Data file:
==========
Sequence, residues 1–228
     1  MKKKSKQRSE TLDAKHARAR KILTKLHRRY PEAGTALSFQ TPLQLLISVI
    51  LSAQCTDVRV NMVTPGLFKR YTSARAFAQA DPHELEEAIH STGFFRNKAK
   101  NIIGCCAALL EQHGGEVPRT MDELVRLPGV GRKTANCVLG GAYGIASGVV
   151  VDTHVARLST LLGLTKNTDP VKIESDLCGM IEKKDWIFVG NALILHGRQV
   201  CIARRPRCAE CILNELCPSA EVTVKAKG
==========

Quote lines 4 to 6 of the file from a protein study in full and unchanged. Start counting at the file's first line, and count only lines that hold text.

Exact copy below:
   101  NIIGCCAALL EQHGGEVPRT MDELVRLPGV GRKTANCVLG GAYGIASGVV
   151  VDTHVARLST LLGLTKNTDP VKIESDLCGM IEKKDWIFVG NALILHGRQV
   201  CIARRPRCAE CILNELCPSA EVTVKAKG